Note: This paper is dedicated to Aaron and Elizabeth Waters on the occasion of Dr. Waters' retirement.

Tholeiitic basalt flows and breccias of Miocene age in western Oregon and Washington form three distinct stratigraphic units. Each unit was erupted from coastal vents marked by dikes and sills of the same composition as associated extrusive rocks. The three coastal basalt units are interbedded with predominantly marine sedimentary rocks of middle to late Miocene age. These units are here named, from older to younger, the Depoe Bay Basalt, Cape Foulweather Basalt, and basalt of Pack Sack Lookout. The three units can be distinguished by their petrographic characteristics. The Depoe Bay Basalt is nonporphyritic; Cape Foulweather Basalt has sparse large labradorite phenocrysts; and Pack Sack basalt has labradorite phenocrysts with numerous pyroxene and glass inclusions as well as augite and olivine phenocrysts. Chemical analyses of basalts from these three units show that each has a distinct and uniform composition. The Depoe Bay Basalt is characterized by high SiO2 content; the Cape Foulweather Basalt has high content of total iron, TiO2, and P2O5; and Pack Sack basalt is marked by relatively high MgO and CaO content.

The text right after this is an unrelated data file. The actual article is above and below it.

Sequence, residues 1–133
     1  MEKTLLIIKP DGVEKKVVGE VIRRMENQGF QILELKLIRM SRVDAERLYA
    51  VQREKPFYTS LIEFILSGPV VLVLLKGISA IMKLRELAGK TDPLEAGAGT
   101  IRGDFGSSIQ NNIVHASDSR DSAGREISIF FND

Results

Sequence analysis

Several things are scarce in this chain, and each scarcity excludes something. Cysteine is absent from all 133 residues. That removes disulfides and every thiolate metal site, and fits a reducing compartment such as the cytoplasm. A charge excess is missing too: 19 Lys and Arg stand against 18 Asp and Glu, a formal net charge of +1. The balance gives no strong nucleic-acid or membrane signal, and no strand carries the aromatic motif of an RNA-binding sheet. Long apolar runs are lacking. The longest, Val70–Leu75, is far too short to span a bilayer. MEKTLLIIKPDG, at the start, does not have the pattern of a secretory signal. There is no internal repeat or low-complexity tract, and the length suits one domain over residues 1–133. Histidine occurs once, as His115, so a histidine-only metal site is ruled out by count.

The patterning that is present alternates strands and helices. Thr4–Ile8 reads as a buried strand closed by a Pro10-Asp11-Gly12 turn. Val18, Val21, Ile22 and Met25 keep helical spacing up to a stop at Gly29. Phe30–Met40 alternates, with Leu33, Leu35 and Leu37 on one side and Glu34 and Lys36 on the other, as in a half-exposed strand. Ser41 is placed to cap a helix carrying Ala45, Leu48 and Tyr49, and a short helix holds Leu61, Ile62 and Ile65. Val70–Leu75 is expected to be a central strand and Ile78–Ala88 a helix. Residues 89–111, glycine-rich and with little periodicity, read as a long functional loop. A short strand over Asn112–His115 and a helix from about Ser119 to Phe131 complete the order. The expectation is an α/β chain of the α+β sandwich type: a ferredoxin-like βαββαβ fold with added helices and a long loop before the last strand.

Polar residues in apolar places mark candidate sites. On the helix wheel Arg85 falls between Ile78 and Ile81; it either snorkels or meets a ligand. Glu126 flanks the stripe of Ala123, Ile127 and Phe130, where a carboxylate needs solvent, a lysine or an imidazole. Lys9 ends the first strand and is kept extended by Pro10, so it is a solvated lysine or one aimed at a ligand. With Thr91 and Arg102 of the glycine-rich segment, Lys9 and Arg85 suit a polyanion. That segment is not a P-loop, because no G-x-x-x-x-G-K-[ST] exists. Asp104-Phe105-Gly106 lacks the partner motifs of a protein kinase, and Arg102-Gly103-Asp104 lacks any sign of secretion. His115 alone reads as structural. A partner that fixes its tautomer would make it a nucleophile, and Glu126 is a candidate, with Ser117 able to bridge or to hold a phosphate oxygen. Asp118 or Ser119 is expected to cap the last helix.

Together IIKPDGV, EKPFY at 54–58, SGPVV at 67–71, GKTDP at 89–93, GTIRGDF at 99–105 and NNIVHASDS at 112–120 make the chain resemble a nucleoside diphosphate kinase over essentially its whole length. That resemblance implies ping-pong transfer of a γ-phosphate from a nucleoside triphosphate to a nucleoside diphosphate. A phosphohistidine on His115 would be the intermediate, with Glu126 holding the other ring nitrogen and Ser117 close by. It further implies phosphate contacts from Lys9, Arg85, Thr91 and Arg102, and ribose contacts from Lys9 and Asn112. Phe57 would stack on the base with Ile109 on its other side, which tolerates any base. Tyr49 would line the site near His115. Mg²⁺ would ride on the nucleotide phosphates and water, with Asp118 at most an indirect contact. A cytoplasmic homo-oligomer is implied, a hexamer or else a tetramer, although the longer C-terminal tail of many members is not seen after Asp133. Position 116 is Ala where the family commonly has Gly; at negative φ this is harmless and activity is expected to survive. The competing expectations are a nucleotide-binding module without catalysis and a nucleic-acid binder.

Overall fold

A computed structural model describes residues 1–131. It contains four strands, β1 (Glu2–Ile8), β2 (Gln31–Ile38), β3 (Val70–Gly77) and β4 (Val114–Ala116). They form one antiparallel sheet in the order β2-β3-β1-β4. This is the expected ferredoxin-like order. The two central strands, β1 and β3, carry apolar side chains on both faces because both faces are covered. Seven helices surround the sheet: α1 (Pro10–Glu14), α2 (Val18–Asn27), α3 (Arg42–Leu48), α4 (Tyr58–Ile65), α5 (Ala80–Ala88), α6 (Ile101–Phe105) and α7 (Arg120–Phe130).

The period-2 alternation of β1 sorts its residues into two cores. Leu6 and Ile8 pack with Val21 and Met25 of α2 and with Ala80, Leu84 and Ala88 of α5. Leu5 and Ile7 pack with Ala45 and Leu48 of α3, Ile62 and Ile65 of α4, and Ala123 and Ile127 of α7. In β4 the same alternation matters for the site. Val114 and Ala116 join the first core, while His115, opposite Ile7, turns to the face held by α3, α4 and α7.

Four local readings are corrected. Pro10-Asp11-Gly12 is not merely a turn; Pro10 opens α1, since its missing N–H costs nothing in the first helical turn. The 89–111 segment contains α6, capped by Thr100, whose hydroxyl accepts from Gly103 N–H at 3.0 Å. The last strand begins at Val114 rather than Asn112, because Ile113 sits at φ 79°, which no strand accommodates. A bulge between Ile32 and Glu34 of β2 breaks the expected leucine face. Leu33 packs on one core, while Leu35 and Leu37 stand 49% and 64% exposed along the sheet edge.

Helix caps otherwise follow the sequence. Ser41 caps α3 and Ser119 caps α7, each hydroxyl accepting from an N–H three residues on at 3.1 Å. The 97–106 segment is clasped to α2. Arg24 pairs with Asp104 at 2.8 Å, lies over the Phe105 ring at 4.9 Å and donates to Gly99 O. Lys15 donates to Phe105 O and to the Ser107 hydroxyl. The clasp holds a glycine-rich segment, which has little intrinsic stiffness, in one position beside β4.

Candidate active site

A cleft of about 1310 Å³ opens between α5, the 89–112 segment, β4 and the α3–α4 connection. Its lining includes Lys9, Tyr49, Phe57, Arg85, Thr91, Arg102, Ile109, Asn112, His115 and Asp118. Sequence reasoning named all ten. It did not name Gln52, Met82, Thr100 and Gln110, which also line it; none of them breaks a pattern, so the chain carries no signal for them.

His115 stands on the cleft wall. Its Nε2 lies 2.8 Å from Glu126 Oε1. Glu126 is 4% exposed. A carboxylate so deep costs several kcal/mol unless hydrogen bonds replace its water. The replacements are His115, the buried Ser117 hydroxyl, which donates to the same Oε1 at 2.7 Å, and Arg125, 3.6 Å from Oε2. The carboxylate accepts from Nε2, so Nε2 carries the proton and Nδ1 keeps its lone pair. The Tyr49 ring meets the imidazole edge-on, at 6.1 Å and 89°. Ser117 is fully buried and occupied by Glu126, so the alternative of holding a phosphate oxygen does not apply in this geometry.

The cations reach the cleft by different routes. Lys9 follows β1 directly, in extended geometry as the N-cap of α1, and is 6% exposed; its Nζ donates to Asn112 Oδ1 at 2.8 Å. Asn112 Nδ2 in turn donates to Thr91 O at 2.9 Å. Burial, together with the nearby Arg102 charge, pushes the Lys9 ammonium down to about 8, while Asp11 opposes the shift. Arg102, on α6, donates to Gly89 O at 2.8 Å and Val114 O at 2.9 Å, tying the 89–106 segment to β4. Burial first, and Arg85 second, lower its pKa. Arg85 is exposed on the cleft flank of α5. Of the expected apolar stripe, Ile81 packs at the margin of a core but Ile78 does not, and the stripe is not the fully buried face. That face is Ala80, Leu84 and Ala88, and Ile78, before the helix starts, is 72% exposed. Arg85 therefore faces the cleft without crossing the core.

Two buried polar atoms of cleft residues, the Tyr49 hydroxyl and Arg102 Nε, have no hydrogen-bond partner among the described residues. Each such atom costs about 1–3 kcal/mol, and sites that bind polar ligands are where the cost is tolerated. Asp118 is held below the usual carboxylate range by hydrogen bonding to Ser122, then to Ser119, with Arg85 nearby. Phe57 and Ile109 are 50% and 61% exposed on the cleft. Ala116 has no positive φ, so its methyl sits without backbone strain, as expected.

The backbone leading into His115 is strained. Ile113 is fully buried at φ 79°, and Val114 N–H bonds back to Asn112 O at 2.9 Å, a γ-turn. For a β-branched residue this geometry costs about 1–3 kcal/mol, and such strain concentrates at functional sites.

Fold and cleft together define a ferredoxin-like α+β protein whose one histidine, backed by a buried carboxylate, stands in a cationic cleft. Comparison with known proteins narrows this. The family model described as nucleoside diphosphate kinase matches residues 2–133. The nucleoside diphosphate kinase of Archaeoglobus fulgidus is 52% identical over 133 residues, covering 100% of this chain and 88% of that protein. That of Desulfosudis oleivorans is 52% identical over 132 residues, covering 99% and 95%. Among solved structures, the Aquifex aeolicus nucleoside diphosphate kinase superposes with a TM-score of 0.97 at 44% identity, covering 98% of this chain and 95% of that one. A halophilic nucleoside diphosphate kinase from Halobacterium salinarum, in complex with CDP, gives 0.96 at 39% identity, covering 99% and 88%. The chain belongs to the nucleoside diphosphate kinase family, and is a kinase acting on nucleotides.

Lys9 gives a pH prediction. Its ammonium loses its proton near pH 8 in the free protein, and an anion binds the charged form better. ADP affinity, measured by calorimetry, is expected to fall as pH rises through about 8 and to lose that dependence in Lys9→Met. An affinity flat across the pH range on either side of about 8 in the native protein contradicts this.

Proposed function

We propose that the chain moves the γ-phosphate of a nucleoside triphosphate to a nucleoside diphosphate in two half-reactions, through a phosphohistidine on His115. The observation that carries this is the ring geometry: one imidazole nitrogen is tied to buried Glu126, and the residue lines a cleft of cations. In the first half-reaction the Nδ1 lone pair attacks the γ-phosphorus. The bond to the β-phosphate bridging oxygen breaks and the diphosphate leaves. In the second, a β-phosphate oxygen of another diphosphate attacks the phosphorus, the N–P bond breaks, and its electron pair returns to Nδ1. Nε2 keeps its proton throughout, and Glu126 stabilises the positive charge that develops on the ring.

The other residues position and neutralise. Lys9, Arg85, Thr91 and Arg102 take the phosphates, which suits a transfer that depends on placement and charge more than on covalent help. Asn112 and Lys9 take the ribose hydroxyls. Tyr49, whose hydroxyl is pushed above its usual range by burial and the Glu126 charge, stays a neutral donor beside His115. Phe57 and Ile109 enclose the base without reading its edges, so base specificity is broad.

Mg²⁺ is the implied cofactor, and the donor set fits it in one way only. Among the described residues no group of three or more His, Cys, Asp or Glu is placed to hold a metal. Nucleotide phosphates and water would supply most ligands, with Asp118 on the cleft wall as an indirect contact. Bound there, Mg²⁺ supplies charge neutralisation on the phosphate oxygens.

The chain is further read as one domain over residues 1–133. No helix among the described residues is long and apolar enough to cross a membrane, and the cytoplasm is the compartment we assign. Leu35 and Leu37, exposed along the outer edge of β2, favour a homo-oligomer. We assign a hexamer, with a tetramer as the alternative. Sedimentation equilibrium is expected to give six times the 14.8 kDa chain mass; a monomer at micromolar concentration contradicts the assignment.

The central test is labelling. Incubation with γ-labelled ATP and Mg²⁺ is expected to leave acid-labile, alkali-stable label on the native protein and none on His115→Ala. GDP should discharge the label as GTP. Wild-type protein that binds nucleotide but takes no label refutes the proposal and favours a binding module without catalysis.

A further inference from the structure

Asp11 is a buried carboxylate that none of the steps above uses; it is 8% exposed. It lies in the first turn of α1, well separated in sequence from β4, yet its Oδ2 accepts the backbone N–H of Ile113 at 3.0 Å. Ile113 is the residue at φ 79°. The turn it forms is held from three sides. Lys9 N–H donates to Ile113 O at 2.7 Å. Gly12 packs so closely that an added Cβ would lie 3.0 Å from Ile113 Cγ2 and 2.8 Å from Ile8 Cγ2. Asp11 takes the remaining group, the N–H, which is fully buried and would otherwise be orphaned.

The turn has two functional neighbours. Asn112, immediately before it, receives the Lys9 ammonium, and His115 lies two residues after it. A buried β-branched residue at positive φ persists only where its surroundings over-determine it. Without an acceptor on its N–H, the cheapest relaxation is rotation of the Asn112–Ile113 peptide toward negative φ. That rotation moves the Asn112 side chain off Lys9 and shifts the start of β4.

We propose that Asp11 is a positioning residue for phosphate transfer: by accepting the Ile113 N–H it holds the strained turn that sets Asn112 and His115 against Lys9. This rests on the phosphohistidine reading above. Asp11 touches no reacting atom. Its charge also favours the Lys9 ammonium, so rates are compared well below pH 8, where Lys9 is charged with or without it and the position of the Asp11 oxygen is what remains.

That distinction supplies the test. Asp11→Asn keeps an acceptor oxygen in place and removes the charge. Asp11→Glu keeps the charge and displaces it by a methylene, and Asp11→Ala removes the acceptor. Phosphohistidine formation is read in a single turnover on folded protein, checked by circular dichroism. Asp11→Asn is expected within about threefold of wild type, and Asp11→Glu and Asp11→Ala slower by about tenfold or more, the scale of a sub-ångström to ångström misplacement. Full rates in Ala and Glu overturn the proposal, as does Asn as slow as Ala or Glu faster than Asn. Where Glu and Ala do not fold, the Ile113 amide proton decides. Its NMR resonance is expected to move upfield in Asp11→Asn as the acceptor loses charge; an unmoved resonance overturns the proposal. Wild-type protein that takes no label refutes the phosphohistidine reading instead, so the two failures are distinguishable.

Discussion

The Depoe Bay Basalt, Cape Foulweather Basalt, and basalt of Pack Sack Lookout on the coast occur in the same stratigraphic order and are essentially the same ages as three basalt units that erupted on the Columbia Plateau. The plateau-derived units are the Yakima and late-Yakima petrographic types of Waters (1961) and the Pomona flow of Schmincke (1967). The virtual identity in chemical composition of the Depoe Bay Basalt and Yakima-type basalt, the Cape Foulweather Basalt and the late-Yakima–type basalt, and the Pack Sack basalt and the Pomona basalt flow indicate that each pair is consanguineous.

Fissure vents for the plateau basalt are located in eastern Oregon and Washington and western Idaho more than 500 km east of the coastal vent areas. Thus, a regional mechanism of magma generation or emplacement is required. Three models of magma genesis considered in this report are: (1) partial melting of the subducted Juan de Fuca plate; (2) partial melting along a nearly horizontal shear zone at the base of the American plate; and (3) partial melting within the asthenosphere and fractionation during ascent of the magma.

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